Buddhism finally to Islam as the majority religion in the region. He explained that construction of Borobudur started in the earlier stages of Buddhism in Java, and that the sight was picked by royal architects who had scoured all of the island for the holiest place. We were then told about the way that the temple was built on what was previously a lake which was filled in, and all of the stones were transported via a nearby river – finally being cut and pieces together using an intricate interlocking system. Overall construction on the temple took 150 years from a workforce who we were assured were willing locals, not slaves as Johnny was keen to stress. The temple was the. Abandoned after war between kingdoms had forced the ruling family to flee – and the temple was buried under volcanic ash. It lay forgotten until the 1800s when Sir Stanford Raffles (founder of Singapore) stumbled across it and ordered the sight to be cleaned. Johnny told us that after this in the late 1800s and early 1900s a Dutch architect was behind the complete restoration of the temple. This being what really brought it into the full public attention. All of this information was very insightful and we greatly enjoyed being taught so much about the sight, I have to admit it was a lot to take in over two hours in the morning sun, but nonetheless a fascinating history lesson.

The lesson wasn’t quite over at this point – we had just a little more of the twentieth century to cover. This was that in the 1970s UNESCO got involved in the restoration of Borobudur and soon after it was declared one of the seven wonders of the world. Then in the 1980s a bomb planted by religious extremists who viewed the temple as idolatrous ruined the top level causing work to be restarted. Along with this happening, the village of Borobudur which used to surround the foot of the temple was forcefully cleared by the Indonesian government and the locals were forced to relocate. Many of the villagers relocated now work as hawkers outside the temple sight selling various trinkets to tourists. The sight was then handed to a private company to operate and they promptly planted trees obscuring the temple from view. Corruption and mishandling of the sight led to it being stripped of its wonder status by UNESCO in 2012 and from what we were told the prices of admission have steadily risen since. It was sad to find out this side to the history of the monument, you get a feeling there is a buildup of resentment on all sides from the way that the heritage of the sight has been handled and arguably exploited. There was in fact a general feeling of resentment toward tourists in the town of Borobudur, where we found with few exceptions it to be a surprisingly hostile place. From the glares of some locals as we were walking to town to the gangs of kids revving scooters waving banners with religious slogans near guesthouses and around the temple sight at night we felt a general tension.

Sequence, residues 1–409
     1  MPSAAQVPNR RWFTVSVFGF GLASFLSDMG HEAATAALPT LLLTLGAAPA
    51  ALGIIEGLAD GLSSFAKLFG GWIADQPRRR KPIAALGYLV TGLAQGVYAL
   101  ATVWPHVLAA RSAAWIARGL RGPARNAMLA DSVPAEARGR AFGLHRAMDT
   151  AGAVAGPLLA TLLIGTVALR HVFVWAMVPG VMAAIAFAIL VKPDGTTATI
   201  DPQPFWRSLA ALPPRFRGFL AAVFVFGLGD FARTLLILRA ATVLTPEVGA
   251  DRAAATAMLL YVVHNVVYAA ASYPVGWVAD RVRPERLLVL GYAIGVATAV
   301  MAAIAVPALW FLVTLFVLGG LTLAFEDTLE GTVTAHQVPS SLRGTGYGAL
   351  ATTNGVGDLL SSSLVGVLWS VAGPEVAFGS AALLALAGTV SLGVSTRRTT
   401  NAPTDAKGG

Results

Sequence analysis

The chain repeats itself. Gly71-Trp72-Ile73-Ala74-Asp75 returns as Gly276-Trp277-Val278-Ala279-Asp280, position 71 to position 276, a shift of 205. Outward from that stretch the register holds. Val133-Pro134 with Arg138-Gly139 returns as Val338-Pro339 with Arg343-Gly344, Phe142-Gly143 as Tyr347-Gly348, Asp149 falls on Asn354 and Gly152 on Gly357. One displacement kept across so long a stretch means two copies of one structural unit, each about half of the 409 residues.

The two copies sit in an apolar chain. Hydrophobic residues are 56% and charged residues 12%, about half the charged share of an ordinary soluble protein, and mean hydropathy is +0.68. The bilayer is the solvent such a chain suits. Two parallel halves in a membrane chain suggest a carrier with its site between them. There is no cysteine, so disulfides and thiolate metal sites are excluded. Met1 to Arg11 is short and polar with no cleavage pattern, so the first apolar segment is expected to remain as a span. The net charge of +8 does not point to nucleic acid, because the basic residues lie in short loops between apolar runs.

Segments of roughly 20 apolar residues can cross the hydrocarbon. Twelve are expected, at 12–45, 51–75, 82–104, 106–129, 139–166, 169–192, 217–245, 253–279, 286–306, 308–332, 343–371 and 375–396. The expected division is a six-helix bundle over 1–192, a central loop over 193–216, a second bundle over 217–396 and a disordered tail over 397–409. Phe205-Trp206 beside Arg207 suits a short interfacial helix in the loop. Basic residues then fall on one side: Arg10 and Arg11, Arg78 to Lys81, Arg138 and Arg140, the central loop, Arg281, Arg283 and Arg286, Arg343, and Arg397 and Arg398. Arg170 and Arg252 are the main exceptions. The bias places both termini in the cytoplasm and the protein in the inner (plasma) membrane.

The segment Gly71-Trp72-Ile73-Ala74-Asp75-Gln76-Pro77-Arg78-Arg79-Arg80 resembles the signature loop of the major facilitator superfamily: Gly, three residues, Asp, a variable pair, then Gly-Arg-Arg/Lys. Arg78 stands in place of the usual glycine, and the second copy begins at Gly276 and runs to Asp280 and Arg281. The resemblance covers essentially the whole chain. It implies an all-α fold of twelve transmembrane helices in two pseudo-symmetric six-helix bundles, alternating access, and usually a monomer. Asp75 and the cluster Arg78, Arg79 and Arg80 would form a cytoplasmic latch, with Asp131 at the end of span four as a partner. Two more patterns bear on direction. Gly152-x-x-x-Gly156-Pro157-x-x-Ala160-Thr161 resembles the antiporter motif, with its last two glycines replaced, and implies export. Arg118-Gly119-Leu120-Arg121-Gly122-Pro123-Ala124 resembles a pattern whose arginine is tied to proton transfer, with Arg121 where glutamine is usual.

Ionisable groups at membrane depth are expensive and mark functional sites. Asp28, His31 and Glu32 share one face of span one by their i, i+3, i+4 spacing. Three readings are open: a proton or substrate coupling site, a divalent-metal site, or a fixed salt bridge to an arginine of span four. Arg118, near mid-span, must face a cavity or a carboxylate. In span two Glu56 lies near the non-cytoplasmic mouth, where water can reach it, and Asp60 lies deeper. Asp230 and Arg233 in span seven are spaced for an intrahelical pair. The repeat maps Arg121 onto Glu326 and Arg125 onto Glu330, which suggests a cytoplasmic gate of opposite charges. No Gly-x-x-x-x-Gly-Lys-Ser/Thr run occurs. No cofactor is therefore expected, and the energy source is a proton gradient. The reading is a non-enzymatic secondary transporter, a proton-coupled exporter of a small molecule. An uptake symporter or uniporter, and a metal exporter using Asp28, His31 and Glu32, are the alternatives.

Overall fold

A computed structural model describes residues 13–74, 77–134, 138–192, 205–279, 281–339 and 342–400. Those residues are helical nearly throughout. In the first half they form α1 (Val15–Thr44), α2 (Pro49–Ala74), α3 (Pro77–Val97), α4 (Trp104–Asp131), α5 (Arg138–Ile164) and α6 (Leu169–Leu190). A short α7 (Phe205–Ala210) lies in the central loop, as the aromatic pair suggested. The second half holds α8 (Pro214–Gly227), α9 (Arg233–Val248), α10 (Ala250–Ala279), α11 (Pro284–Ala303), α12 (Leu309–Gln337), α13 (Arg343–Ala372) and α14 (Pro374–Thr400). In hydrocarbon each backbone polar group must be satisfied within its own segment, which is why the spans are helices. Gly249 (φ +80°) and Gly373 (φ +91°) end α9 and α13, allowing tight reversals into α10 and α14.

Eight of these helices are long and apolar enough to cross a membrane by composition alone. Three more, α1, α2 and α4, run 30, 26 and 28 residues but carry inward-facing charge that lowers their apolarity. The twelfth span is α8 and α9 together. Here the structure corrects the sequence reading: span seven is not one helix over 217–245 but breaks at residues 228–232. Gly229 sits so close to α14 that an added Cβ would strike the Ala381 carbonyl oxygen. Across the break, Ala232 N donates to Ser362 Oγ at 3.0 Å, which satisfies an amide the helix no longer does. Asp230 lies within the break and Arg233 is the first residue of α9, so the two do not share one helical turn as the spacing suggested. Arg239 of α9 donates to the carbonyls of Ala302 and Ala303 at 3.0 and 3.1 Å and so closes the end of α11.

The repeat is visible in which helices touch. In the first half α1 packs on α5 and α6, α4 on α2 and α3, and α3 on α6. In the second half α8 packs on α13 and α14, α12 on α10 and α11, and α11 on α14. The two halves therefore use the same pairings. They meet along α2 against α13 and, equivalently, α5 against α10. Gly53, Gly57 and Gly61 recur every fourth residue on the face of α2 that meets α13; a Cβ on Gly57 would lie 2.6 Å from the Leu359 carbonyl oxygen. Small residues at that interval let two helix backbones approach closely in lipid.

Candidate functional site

After this sadder tangent of the lesson Johnny then decided to show us around the actual temple, starting at the base and ascending clockwise to correctly ‘read’ the stones. ‘Reading the stones turned out to be a fascinating experience, as each level represented a different stage of spiritual existence, and frescos on the walls depicted the life of Buddha. The detail here was stunning as was finding out that before fleeing the royal dynasty that built the Borobudur ordered that any carvings they deemed embarrassing for invading forces to see.

Walking further up the temple onto the upper ‘enlightenment’ levels Johnny explained the significance of the bell shaped statues which represented the death and enlightenment of Buddha. He also told us that most of the design of the temple corresponds to varying holy numbers in the Buddhist faith, whether it is the number of levels of the temple or the amount of Buddha statues that there are. The design of the sight can only be described as wondrous, with its remarkable accuracy and intricacy.

Overall out visit to Borobudur was something that I am not quite sure if I could describe as wonderful, but was certainly breathtaking. I felt that knowing how villagers were evicted and how the temple cost for everybody (including the Buddhist population of Indonesia) to enter made it an uncomfortable experience. It’s true that monuments cost money to visit the world over, but rarely has one felt quite so profit driven.